by Gene Owens
It has been a longstanding tradition with this column that whenever a physical threat to our Southland arises, I quickly sound a warning to readers -- regardless of whether the threat passes the Snopes test.
That's why I'm writing about the exotic crazy Raspberry running ant, which is threatening to take over the coastal areas of Texas. And as Texas goes, so goes Louisiana. And Mississippi. And the entire area once known as the Confederacy. Not since a guy named Sherman approached from the opposite direction has Dixie been in such peril.
In the past, I've written about feral pythons squirming their way northward from Florida; the mapinguary, the Bigfoot of the Amazon; the Peruvian phorid fly, which injects its larvae into the fire ant, leaving the little varmints to work their way into the fire ant's head and suck its brains out; and the jaguarandi, a jaguar relative that disguises itself as an ordinary housecat and dismembers small dogs and other bite-sized objects that cross its path.
You will notice that up to now the South has not been taken over by pythons, mapinguaries, or jaguarandis. I haven't heard of any human victims of the Peruvian phorid fly, though this political year has produced several specimens of homo politicus who seem to have had their brains sucked out.
So let's talk about the crazy Raspberry running ant and its effect on the Texas countryside. We'll call it the running ant for short, partly because the raspberry is one of the few berries I don't like.
Fortunately, I got to the sink before the ants had arrived in full force, so I survived the night, though I had a hard time explaining to Miss Peggy where those pustules on my hand and arm came from. Some running ants might have helped, but I would have welcomed them only if they all were of the same sex.
The reason? Running ants multiply faster than a math wizard reciting the times table. Tom Raspberry, the Pearland, Texas, exterminator who lent his name to the ant, says he first discovered the breed in 2002. He saw a couple of thousand of them that year, and tried to knock them out with some anti-ant spray. Next year, there were millions of them.
The running ant is a little fellow. The individuals don't look scary at all. But a million of them will scare you worse than a battalion of mapanguaries. Like fire ants, they bite. Unlike fire ants, they don't sting.
Nobody knows where the crazy Raspberry running ant came from. The fire ant entered the United States during the 1930s through the port of Mobile, Ala., aboard a cargo vessel from Brazil. It has now spread northwestward past Marshall, Texas, and northeastward past where I live.
The running ant has relatives in Florida, Colombia and the Caribbean. It belongs to the genus Paratrechina, but scientists have been unable to identify the species.
Now, up to this point you may figure the running ant to be a relatively harmless little critter, seeing as how it doesn't sting.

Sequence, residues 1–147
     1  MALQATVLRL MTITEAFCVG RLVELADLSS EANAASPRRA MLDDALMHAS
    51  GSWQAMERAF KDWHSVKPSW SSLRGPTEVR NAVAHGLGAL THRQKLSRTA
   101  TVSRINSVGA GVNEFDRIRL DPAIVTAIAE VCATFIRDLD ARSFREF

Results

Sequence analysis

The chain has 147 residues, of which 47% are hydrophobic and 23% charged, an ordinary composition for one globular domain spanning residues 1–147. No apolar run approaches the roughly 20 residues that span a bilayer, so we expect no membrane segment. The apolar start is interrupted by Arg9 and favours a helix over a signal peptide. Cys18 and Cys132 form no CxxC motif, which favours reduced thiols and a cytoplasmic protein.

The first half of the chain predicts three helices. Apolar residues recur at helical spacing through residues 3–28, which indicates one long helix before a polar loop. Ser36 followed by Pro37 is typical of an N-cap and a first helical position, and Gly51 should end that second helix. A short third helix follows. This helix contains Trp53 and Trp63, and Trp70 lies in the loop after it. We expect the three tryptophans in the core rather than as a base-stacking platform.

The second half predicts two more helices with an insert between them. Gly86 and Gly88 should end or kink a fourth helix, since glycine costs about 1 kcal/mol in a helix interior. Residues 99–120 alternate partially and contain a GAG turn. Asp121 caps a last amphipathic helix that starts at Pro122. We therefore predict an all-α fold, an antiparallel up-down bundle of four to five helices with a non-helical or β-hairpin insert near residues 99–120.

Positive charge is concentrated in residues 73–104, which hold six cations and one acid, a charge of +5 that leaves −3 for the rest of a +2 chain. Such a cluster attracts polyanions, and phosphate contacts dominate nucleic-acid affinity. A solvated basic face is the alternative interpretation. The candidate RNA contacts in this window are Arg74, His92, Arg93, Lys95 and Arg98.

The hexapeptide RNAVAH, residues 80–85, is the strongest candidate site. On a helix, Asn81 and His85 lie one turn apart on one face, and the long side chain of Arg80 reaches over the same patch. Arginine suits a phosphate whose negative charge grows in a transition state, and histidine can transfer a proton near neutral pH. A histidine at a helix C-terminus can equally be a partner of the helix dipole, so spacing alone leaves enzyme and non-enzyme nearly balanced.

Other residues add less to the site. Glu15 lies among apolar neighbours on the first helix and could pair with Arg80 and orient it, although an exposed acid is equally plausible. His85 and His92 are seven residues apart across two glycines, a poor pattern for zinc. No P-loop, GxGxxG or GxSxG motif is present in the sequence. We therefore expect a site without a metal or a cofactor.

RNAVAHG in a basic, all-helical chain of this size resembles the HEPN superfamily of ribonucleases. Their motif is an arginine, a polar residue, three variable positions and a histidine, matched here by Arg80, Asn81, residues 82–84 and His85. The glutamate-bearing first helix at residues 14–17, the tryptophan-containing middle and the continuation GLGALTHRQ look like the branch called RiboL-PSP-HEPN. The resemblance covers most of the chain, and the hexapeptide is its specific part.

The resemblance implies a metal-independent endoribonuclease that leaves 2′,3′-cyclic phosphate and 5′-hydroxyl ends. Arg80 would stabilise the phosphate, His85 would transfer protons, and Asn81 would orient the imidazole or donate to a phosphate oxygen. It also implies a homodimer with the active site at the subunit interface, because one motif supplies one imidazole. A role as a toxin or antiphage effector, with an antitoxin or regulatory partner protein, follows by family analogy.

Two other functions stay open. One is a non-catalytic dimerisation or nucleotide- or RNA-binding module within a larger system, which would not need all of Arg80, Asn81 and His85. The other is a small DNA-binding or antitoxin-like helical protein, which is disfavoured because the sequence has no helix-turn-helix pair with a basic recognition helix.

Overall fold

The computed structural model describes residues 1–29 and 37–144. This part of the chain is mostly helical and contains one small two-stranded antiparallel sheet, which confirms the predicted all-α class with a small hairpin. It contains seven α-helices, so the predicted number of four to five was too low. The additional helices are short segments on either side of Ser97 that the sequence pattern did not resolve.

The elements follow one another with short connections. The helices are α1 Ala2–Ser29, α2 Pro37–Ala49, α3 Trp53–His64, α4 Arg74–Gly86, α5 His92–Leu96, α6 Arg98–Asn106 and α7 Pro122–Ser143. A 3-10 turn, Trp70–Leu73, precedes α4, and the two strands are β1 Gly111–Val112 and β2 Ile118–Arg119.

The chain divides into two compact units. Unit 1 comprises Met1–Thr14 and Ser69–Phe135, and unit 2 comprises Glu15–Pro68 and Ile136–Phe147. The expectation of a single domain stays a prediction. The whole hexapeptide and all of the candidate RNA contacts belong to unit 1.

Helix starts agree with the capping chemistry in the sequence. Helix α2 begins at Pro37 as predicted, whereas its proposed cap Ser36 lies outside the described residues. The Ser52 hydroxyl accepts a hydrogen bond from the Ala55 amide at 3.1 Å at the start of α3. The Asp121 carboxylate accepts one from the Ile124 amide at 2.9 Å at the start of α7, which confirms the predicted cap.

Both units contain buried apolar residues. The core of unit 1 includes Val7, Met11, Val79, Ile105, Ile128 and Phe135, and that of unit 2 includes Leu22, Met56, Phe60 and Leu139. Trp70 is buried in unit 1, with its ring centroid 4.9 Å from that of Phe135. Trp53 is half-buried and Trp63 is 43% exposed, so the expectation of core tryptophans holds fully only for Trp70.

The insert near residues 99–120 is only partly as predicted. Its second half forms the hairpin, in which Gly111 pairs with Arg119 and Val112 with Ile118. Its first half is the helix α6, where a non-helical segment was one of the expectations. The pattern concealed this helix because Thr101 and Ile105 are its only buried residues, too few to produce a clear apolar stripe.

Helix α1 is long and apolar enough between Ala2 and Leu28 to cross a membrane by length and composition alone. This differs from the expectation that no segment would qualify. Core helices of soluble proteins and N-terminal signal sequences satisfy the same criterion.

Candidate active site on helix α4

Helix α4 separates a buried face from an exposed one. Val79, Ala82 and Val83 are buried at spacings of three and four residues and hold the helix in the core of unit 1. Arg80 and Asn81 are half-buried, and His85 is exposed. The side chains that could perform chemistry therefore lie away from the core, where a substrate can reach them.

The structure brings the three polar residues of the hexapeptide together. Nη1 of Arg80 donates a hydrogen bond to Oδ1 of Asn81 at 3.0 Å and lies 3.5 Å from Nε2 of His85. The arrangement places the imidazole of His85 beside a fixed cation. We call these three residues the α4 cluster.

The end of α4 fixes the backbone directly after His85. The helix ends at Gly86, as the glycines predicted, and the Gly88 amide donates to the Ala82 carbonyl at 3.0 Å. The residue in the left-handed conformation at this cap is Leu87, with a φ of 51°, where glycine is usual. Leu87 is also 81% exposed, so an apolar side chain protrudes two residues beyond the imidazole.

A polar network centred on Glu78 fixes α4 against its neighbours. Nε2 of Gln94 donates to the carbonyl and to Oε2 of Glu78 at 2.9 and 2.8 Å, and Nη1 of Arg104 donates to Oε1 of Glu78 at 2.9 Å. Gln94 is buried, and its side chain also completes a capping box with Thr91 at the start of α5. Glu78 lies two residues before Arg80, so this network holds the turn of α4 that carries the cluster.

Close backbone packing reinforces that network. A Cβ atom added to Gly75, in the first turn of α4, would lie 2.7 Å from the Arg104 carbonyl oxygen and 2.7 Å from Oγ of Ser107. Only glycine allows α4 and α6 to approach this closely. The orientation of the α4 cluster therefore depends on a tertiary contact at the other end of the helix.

But listen to this: Its kinfolk in Colombia have been known to asphyxiate chickens and have even attacked cattle by swarming over their eyelids, nostrils and hooves.
That's enough to cure me of midnight raids on the pantry. I'm going to take to filling my bathtub every night before going to bed. If I wake up and feel crawly things covering my eyelids, clogging my nostrils and playing footsy with me, I'm going to make a quick dash to the bathtub and hope there's enough water to drown the varmints before they blind me, asphyxiate me or nibble away my feet.
All you who read this column, pass it on to everybody you know whom you don't want to see eaten up by ants. This is not an urban legend. I read it in the New York Times, so it has to be true.
If you get the word out, this column will once again have saved the South.
Gene Owens has been around the Southern journalistic scene for 48 years. He has been senior associate editor of The Virginian-Pilot in Norfolk, Va., and editorial-page editor of the Roanoke Times in Roanoke, Va.
As senior editor for Creative Services, a management consulting firm in High Point, N. C., he ghosted more than a dozen published books for professional clients. For the past nine years he has been assistant managing editor, political editor and columnist for the Mobile Register. Register readers named him their favorite local columnist, and readers of the independent regional magazine, Bay Weekly, agreed. He was runner-up in the regional Green Eyeshades competition among writers of humor columns.
He has been on the board of directors of the National Conference of Editorial Writers and was editor of The Masthead, the NCEW’s national quarterly. He is in semi-retirement in Anderson, S. C.
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Write Gene Owens at 317 Braeburn Drive, Anderson SC 29621 or e-mail him at WadesDixieCo@aol.com
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